Providing a multiple address verification solution will be required to meet domestic demand as well as international delivery of cross border mail and parcels. High speed mail/parcel sortation machines, as well as mobilized handheld computers which would be used by a courier to induct a letter or parcel at the point of collection, will require access to high quality address data in order to accurately verify delivery point information.
 Another market requiring multiple address verification is in the retail sector. For example in emerging economies such as Brazil, many retailers are required to physically verify the location for every customer requesting credit. Having access to a multiple address verification system would allow the retailer to cross reference customer location data and thus reduce the requirement and expense of physical verification.
 Location based services are critical to public safety and is necessary for first response personnel to effectively perform their job in a timely manner. The ability to correlate physical address data with GPS coordinates using a multiple address verification system would allow dispatch personnel to accurately pinpoint and verify all emergency locations by referencing multiple database sources and also introduce additional information. For example in Columbia, the current national address database typically does not include a postal zip code. In 2009, the local Postal Authority launched a new initiative to develop and assign new zip codes for the entire country. The problem with this initiative is that many people in Columbia have no idea what their new zip code is, and thus would not be able to communicate this very vital information during an emergency.
An Example of how the Meta-Database Links to the Individual Databases
 The description that follows is meant to be one possible implementation of the linking process introduced above, but implementation is certainly not limited to this description. Persons well versed in the art will be able to determine many different ways of effectively implementing the meta-database and its links to the individual databases. It is important to recognize that many different implementation details will fall within the scope of this disclosure. Nonetheless, it is useful to see how one example of a system consistent with the present disclosure might be implemented.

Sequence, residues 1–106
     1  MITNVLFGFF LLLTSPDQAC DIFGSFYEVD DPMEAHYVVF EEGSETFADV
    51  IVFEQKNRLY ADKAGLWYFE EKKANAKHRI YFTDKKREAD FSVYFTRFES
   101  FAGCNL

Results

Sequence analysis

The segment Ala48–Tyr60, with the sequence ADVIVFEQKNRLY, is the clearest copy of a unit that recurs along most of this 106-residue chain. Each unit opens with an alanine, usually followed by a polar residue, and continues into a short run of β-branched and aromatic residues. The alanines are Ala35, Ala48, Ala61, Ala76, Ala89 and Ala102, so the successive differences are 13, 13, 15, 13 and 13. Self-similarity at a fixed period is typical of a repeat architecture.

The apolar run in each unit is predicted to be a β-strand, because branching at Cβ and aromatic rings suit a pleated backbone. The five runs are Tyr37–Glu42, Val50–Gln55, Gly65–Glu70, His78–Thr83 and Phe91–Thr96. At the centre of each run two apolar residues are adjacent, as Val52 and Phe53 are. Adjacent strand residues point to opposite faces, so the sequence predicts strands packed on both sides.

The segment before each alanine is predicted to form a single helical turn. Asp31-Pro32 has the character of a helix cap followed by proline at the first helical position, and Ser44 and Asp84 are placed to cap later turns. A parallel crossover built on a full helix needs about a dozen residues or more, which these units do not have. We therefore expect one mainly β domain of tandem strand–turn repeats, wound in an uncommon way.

This is first discussed from an implementation perspective, detailing how the database/meta-database system taught by this disclosure could be implemented, and then from an operational perspective to show how it may be used. We refer now to FIGS. 4 and 5 for illustration.
 We assume that each contributor to the system (that is, each courier, electric company, or other entity that has its own address designator for a domicile) has a list of addresses (address designators) that are valid within its system. This list may be implemented in an SQL database for example. We will refer to each contributor's database as a source database. In FIG. 4, accessing a source database is shown at block 402. By definition each item in each source database is relevant to the business or other purposes of the corresponding owner of the database, but likely has no use to other such entities. One advantage of our system is to leverage that proprietary data to have use for other entities.
 Now, for each item (address designator) in the source database, another item is associated, block 404. This second item--referred to above as a linker--must have more general application than just for this courier or company, and will serve as the basis for meta-database linking of the individual source databases. One implementation involves the courier who, upon making delivery to one of the addresses in his database, also captures the location of that domicile using a GPS device, and translates that GPS location into a geocode. That geocode is then entered as an item in the database linked to the delivery address so that the geocode can be used to index the SQL database and retrieve the address or the address can be used to retrieve the geocode.
 This procedure is repeated for each courier's database or other source database (either by the courier or by the creator of the meta-database with help from the courier), block 406. At this point, therefore, each database is presumed to be a SQL database with two kinds of linked items: the address as specified by the courier and the geocode of the location. This process is repeated for all participating or relevant source databases, e.g. databases that cover much of the same geographic area or political subdivision; refer to block 406. FIG. 5 illustrates three such source databases A, B and C.